Friday, November 2, 2007

Kids & Boston Sports

I have been asked several times this week how it must be good to be a Boston sports fan right now. To back up for a minute, the Red Sox are world champions, the Pats are undefeated, the Boston College Eagles are the #2 team in the country and the Celtics are the favorites to win the Eastern Conference and try and nail down that elusive 17th title. So the answer is an obvious 'yes, it's freaking great!". It did get me thinking about past seasons, though. The Sidney Wicks era at the Garden. The Patsies era in Foxboro and pretty much every year from 1968 - 74 at the Fens. No one ever asked me then how much it must suck to be a Boston sports fan.

Don't get me wrong... it DID suck. And then in the years that we would rise up for the briefest of moments we would run smack into the Big Red Machine or the Edmonton Oilers or Sugar Bear Hamilton would be called for a phantom roughing the passer call against the Raiders (yes, Raider fans, the 'tuck rule' game was indeed payback for that call - live with it as we had to!). Those were tough times. I distinctly remember the end of game 7 of the 1975 World Series. I was at my grandparent's house and when the Sox lost I cried my 10-year old head off. The Sox, more than any other New England team, become part of your DNA and it was this dubious gift I passed along to my children.

Flash forward to 2003 and Aaron F. Boone comes to the plate against Tim Wakefield and drills a knuckleball about a million rows up into the left field stands and we lose again. Not just lose, of course, but lose in the most painful way possible. My own 10-year old trudges upstairs to go to bed and I go up to check on him. He's brushing his teeth and I ask him if he's OK. He takes the toothbrush out of his mouth and just collapses on me sobbing. In that instant I was horrified. What did I pass along to my son? It was like some sort of mutant gene that was destined to haunt Grevelises for generations. I left the house after putting him to bed under the guise of needing to get something to eat, but really I drove around and was on the verge of tears myself. My own child! We live in Las Vegas for Christ's sake - he could be a Dodger fan, a Diamondback fan, a Padre fan... But no, I passed along this disease to my offspring.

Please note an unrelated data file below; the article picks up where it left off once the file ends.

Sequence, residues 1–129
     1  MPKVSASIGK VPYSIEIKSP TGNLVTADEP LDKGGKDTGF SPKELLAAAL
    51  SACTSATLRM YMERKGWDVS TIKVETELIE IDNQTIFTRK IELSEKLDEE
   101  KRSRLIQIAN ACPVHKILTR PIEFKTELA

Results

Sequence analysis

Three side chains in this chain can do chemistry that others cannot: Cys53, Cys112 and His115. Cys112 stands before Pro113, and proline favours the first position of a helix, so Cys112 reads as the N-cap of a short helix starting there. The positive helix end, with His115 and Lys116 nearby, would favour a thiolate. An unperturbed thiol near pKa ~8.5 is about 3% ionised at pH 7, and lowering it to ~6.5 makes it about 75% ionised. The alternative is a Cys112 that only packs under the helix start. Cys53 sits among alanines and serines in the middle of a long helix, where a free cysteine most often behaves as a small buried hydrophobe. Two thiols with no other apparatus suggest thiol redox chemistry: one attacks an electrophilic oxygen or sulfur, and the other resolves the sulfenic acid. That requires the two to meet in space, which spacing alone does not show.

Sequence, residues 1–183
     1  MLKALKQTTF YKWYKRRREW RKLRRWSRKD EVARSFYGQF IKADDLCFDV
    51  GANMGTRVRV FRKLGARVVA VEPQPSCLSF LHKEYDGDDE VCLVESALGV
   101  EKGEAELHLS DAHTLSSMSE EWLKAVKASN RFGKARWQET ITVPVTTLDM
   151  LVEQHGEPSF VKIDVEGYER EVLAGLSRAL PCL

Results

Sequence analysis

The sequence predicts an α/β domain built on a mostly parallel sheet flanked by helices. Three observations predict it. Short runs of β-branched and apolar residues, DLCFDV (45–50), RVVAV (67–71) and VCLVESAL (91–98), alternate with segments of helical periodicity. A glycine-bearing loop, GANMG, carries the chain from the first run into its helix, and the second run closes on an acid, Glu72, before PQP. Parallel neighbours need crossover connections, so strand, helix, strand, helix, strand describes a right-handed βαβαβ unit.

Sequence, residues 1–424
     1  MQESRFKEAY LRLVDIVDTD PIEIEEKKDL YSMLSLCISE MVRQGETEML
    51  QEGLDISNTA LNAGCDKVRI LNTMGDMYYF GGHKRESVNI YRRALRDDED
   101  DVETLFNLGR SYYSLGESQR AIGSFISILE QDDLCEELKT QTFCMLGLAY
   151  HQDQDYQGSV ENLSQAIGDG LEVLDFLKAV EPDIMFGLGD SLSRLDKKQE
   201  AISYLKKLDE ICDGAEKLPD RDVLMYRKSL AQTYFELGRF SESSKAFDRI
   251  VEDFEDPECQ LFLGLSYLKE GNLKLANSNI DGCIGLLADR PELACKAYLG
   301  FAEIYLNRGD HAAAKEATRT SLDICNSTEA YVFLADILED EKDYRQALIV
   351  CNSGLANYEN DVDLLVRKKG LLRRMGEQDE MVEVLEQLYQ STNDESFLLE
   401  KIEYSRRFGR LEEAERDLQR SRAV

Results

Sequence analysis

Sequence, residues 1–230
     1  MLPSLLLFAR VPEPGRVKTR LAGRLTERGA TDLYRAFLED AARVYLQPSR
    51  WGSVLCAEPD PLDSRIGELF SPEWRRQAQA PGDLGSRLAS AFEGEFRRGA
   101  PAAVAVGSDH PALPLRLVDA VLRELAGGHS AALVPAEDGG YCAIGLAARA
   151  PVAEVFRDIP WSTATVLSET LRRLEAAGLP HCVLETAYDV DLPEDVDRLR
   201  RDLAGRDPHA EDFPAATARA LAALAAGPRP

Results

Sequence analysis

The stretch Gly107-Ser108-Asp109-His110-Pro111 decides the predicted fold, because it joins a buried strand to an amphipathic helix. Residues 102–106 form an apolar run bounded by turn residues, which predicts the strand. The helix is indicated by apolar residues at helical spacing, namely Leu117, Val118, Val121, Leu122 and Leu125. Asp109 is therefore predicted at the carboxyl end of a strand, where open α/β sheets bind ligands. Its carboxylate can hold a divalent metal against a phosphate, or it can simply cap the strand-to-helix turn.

Of course, 2004 comes and that changes the world for all of us. The Pats win 3 of four Super Bowls and then, heaven forbid, the Sox win again only 3 years later. Now Benjamin is almost 12 and Forrest is 7 and the world they live in is a world in which the Red Sox DO win it all; the Patriots are the patsies no more and are even considered bullies; the Celtics have new hope with KG, Ray Allen and Paul Pierce; BC has a shot at a national title and even the Bruins sport a winning record. This is the kind of world my kids are living in. I no longer feel like failure dad anymore - at least not for these reasons - but I feel kind of like a parent should feel when their kids don't have to experience the pain and suffering they have. I know, this kind of pain and suffering is nothing compared to hunger, pestilence, etc., but that's kind of the point. If my kids are spared even the kind of sports pain that comes with being a Sox fan last century (as well as spared real pain and deprivation), what a nice start you have to your life. Their psyche will never feel second best and that winning is not only possible, it's now probable. Hopefully that kind of confidence will infect them and allow them to enter each challenge they face with confidence in the ability to get the job done and not having the nagging thought that they may only be second best.

Thanks, Boston, for a job well done.

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